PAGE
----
I am a bit amazed by this behavior of VectorQ[ expr, test ]:

VectorQ[ {}, NumberQ ]


It seems that the test itself is never applied and thus does not matter, so NumericQ or OddQ for example will also return True.

I find this behavior quite unfortunate, given that the documentation states:

VectorQ[ expr, NumberQ] tests whether expr is a vector of numbers.

One might also note that NumberQ[ Nothing ] or NumericQ[{}] return False and that NumberQ /@ {} returns {}.

Is this a bug or a feature (true to mathematics)?

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    $\begingroup$ I guess it is applying the test as many times as there are elements of the list. Since there are zero elements, it applies the test zero times. $\endgroup$
    – Jason B.
    Mar 30 '16 at 11:41
  • $\begingroup$ @JasonB Yes, but then the description in the documentation is utterly misleading because the empty set/list is not a vector of numbers: FreeQ[ {}, e_ /; NumberQ[e] ] (* True *). $\endgroup$
    – gwr
    Mar 30 '16 at 11:49
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    $\begingroup$ This is exactly as it has to be. VectorQ[list, test] will only return False when there is an element in list for which the test fails. For an empty list, such an element does not exist, so the result will be True. (For the same reason, the statement "all elements of the empty set are green" is true.) $\endgroup$ Mar 30 '16 at 11:51
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    $\begingroup$ Relevant: And[] (* True *) and Or[] (* False *) $\endgroup$ Mar 30 '16 at 11:54
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    $\begingroup$ @gwr I think it's valid in the sense that it's an empty vector of numbers. In other words, VectorQ tests whether your input is in $\mathbb{C}^n$, where $n$ is a non-negative integer. It's implementation seems to be essentially, ListQ @ expr && And @@ test /@ expr, which definitely makes the result (mathematically) consistent. You're right though that the documentation could be a bit clearer about that. $\endgroup$ Mar 30 '16 at 12:40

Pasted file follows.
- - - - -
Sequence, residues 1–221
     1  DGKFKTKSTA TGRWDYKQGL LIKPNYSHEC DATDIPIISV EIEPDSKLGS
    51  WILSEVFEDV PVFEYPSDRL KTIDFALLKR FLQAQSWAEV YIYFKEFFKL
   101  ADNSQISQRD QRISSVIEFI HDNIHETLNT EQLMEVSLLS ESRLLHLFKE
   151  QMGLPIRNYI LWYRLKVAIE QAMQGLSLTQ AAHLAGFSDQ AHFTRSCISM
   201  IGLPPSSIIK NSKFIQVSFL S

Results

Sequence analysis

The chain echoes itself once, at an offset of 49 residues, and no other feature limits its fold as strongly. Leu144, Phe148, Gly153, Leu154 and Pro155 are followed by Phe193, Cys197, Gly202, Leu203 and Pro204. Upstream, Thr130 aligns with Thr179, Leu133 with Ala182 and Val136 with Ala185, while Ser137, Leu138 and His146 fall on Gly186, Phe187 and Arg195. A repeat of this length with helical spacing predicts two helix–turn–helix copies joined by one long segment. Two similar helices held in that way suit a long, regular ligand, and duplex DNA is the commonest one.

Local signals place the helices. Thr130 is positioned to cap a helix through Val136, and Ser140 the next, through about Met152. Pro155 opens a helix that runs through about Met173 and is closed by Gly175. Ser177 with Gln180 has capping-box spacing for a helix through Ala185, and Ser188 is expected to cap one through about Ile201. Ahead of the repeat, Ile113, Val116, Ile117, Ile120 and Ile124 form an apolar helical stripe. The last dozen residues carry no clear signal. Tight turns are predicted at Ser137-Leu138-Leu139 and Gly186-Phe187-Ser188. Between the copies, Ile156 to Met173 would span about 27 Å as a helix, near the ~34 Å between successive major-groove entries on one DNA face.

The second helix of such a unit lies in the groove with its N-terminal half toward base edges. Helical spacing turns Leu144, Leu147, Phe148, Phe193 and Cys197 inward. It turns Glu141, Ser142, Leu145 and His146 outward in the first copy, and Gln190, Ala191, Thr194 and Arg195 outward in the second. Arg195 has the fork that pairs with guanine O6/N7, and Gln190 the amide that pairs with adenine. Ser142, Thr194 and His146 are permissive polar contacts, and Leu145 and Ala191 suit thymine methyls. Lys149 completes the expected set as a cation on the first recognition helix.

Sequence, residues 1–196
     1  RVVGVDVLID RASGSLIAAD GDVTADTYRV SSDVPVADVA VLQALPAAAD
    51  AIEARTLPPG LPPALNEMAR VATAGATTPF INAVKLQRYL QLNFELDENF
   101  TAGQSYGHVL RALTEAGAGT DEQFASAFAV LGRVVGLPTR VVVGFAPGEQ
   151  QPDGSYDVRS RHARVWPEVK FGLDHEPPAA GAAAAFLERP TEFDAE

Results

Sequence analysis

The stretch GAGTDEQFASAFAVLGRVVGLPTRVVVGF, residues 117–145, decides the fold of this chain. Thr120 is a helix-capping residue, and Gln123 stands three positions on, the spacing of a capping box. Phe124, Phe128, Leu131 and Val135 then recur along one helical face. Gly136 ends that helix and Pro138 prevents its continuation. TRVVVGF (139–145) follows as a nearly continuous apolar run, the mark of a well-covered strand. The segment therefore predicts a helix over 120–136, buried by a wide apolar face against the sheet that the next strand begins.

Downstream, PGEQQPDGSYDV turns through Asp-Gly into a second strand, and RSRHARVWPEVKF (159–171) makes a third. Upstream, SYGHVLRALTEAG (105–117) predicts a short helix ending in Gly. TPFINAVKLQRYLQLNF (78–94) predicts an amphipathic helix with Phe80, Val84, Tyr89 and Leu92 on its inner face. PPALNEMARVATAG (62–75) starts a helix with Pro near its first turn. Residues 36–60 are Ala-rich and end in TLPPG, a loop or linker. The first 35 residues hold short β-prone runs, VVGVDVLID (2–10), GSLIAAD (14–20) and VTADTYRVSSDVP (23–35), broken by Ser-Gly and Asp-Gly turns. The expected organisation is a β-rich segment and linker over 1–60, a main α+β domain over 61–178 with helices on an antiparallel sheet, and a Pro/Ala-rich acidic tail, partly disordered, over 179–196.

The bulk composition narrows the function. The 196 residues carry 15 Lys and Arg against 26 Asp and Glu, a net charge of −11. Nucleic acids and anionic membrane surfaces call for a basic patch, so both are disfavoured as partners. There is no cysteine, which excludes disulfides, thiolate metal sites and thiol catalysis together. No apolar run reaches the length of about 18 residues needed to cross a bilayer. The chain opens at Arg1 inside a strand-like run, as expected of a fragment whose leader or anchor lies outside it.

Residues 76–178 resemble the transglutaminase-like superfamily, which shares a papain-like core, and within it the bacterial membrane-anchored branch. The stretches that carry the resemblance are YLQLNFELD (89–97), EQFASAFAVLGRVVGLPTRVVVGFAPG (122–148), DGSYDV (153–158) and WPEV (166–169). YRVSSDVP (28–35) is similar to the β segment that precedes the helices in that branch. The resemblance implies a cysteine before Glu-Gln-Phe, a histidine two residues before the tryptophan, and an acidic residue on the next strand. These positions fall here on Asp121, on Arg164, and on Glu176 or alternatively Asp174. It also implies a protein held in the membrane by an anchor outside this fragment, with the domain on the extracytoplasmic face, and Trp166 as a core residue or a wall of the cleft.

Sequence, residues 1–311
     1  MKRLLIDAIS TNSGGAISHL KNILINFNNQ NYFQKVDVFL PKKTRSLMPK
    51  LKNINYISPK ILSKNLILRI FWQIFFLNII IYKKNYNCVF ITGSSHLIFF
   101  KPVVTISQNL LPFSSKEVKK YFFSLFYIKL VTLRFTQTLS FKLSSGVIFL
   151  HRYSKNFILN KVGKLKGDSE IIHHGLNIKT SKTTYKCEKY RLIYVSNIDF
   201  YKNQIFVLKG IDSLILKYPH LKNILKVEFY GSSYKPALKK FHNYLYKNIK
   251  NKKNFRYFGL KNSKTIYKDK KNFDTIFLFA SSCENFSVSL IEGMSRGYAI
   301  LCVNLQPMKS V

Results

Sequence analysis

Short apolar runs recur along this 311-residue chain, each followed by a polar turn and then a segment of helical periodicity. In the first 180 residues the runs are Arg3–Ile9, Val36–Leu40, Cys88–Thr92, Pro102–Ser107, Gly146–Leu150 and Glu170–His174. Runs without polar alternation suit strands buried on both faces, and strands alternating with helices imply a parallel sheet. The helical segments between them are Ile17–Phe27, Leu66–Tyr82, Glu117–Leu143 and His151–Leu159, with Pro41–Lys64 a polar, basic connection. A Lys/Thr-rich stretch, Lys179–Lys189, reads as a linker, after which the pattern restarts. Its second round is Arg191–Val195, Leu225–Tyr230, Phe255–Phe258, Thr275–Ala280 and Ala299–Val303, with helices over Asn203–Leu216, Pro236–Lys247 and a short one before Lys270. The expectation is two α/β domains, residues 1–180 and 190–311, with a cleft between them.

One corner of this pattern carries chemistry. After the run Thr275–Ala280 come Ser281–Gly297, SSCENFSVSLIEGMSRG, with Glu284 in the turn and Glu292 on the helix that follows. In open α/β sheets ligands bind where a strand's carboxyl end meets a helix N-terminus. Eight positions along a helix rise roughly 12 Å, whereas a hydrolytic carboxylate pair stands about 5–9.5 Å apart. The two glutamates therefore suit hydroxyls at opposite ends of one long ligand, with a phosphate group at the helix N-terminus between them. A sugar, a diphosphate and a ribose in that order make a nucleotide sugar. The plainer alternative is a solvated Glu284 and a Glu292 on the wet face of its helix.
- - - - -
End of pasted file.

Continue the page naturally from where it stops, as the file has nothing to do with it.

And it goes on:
Others have argued in the comments that this behaviour makes sense mathematically, and I fully agree. But further than that, it is also very practical.

Mathematica's functions are usually designed to give reasonable results for edge cases in the sense that if you put these functions together and write some more complex calculation, this compound function will also give sensible results for edge cases, without having to handle them manually. What is a sensible result of course depends on the particular application. In some cases it is unavoidable to manually handle edge cases. But generally we want a behaviour which is practical in most common applications.

VectorQ is often used for checking function arguments. For example,

f[vec_?(VectorQ[#, NumericQ]&)] := vec + 1

Functions which operate on lists of numbers can usually be generalized for the empty list. It would be very annoying if the empty list had to be handled manually.

This f function returns a new list where each element is incremented by 1. If it works at all for an empty list, the only sensible result is another empty list. This works automatically.

This sort of behaviour is common in Mathematica. For example, Total[{}] gives 0 and so does Sum[k, {k,{}}]; Max[{}] gives -Infinity; {}*3 gives {}; and so on. All these could alternatively throw errors, but that behaviour would not be as useful as the current one. To be consistent with these, VectorQ[{}, False&] must be True. These choices are not suitable for every application, but they try to be useful for most applications. For the rest, we just need to handle edge cases manually.

I think that this behaviour is a very useful and practical feature from a programmer's point of view (even if we ignore mathematics completely). It reduces the number of situations where edge cases need to be considered separately, so we can spend less time on coding.

  • $\begingroup$ Great answer, very well articulated. I am glad I did not write my own. +1. $\endgroup$ Mar 30 '16 at 13:32
  • $\begingroup$ This is a very reasonable and balanced answer, making it an easy accept. Such clarity would nicely become the documentation, which imo here is wanting. Note how And[] and Or[] are "hidden" in examples while a clear design principle is being followed. $\endgroup$
    – gwr
    Mar 30 '16 at 19:57
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    $\begingroup$ Yes. Zero is a perfectly good number, and a zero length vector is a perfectly good vector. One minor instance where Mathematica falls down here is Transpose. Its model of tensor algebra does not distinguish between row and column vectors (good), but then sometimes I want to define a function that works on matrices, vectors, or scalars. I find that these things would generalize properly if Transpose of a vector or scalar simply yielded the vector or scalar. Of course, this isn't hard to fix with a custom function. $\endgroup$
    – John Doty
    Mar 30 '16 at 21:16

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